It's been rough for George Washington's birthday, officially and unofficially.

First, they move his birthday from February 11 in one year to February 22 in another year. Then, they make it on a Monday that will never match the actual date. Then, they call it something else. Do some people hate George Washington? Maybe so, After all, he did help secure the blessings of liberty and help found these United States.

I think he deserves his birthday to be called by its proper name. If you hear anyone call it "Presidents Day," you have my permission to beat them around the head with a stick. Two, if you think they really need it.

Tuesday, February 6, 2018

Smartphone research for an old churchlady

There's a lady I know from the church that wants a smartphone. She's in her 80s. I've known her since the 70s. Not her 70s, the 1970s. As in nearly 50 years. I'm often the person she calls with technology issues. And, apparently wanting a smartphone is a technology issue.

Sure, I understand that she doesn't know a lot about them, other than they are little devices that people carry around like a phone but use to get on The Facebook or search The Google or get The Email or other some such stuff. And, since she doesn't know much more than "iPhone," "Android," and "Samsung" are words that smartphone people use, she's not sure if she wants a Samsung, an Android, or an iPhone. Maybe even an Apple. She's not sure. As long as she can make calls, send a text once she learns how, and can do all the other things you can do with a smartphone which she doesn't know what that is but wants to do. Since she's not sure what phone will let her do all that, she's asking me.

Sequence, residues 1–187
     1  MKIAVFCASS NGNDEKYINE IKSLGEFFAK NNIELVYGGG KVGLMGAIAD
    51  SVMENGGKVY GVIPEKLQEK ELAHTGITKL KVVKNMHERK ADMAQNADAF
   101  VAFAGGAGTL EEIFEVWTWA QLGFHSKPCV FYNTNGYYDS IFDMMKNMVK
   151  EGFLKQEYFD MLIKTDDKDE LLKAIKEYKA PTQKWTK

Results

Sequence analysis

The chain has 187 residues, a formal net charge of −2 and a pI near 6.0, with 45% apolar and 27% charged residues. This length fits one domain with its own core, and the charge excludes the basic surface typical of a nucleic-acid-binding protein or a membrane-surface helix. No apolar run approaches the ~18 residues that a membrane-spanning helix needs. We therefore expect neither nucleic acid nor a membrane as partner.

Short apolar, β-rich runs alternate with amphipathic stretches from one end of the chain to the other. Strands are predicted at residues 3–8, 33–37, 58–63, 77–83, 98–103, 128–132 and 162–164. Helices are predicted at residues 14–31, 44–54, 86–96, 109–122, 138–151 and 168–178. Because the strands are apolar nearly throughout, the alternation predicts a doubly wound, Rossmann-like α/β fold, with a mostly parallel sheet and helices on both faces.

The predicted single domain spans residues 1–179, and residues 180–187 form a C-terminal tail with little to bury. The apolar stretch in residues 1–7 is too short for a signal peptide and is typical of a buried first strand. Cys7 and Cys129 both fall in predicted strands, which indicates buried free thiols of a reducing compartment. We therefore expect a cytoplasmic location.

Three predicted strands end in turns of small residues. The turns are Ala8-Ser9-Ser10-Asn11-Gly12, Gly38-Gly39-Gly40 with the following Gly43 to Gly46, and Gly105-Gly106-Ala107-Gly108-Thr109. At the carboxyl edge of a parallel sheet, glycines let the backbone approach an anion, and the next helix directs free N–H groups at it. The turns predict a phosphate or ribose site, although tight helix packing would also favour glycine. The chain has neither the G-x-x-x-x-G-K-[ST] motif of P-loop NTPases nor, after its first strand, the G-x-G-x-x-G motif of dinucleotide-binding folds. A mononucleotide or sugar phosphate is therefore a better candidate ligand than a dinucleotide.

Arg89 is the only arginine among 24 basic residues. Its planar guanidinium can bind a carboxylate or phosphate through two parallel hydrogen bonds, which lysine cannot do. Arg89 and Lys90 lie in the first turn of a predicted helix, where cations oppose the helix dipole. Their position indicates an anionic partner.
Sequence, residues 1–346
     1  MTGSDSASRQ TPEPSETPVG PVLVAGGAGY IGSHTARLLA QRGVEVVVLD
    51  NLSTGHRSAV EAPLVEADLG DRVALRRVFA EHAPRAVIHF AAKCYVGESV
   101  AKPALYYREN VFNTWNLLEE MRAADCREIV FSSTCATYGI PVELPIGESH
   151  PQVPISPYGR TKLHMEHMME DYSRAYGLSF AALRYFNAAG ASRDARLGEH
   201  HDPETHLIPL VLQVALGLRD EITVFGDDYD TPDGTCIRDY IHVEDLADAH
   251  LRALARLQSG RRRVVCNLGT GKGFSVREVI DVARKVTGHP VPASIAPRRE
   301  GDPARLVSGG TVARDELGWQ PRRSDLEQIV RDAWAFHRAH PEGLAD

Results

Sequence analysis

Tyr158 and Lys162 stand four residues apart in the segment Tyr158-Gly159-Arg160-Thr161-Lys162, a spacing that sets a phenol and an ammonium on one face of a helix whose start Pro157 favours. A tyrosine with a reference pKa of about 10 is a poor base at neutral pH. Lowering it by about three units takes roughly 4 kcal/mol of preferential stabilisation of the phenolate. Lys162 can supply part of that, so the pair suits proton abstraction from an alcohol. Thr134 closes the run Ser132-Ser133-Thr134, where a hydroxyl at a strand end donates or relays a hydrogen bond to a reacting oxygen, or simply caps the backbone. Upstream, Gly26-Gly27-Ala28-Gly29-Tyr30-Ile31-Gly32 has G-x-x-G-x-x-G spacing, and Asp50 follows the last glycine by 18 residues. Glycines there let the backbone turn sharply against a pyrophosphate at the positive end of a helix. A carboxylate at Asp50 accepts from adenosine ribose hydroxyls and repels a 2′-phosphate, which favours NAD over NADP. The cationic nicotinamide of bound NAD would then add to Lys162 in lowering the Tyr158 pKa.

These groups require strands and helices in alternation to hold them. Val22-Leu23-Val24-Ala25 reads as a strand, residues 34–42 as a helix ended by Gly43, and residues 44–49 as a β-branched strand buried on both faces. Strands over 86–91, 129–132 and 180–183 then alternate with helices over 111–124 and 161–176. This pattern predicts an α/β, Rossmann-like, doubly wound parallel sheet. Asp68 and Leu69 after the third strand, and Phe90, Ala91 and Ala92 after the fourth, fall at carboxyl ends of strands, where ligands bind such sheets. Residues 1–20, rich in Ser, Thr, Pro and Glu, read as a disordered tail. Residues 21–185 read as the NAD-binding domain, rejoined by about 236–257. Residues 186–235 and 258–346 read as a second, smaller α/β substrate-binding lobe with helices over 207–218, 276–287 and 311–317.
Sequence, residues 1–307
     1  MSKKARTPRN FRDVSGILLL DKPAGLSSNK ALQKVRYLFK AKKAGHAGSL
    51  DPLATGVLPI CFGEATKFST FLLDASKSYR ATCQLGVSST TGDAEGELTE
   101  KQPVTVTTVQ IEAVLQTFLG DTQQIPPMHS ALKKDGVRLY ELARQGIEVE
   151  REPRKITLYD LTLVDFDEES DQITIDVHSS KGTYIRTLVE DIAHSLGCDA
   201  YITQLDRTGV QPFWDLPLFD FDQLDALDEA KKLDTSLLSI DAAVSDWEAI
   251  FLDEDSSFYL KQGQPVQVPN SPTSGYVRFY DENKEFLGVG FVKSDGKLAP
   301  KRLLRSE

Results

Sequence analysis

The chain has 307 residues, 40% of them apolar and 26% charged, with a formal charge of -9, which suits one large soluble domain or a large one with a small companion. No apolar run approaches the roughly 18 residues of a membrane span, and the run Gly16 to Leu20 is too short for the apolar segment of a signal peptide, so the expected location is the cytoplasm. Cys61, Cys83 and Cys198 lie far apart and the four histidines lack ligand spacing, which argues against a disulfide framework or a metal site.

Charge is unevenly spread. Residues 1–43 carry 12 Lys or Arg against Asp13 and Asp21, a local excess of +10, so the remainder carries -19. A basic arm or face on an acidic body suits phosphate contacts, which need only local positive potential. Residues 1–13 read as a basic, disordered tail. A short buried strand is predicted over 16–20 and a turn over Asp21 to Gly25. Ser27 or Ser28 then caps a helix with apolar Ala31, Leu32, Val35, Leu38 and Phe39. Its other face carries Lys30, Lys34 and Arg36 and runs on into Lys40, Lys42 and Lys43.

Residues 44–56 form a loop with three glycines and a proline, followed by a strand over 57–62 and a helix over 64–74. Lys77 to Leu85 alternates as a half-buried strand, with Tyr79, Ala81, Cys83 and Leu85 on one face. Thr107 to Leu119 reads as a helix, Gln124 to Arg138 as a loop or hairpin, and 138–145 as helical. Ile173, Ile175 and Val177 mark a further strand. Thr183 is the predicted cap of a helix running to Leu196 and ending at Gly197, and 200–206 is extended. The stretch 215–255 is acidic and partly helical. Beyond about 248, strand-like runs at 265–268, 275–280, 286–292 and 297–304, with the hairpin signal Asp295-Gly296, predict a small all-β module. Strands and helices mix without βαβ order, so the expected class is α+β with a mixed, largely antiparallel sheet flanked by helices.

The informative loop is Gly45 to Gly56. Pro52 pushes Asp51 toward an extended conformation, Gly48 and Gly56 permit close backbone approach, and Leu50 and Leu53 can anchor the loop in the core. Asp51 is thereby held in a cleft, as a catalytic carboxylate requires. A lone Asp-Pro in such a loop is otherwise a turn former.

Well, actually, she asked me a few weeks ago, because she's worried her flip phone is about to die. No, it's not doing anything wrong, but she's had it a while and she thinks it might up and die soon. So, she wants to get a smartphone. So, I'm researching smartphones for her.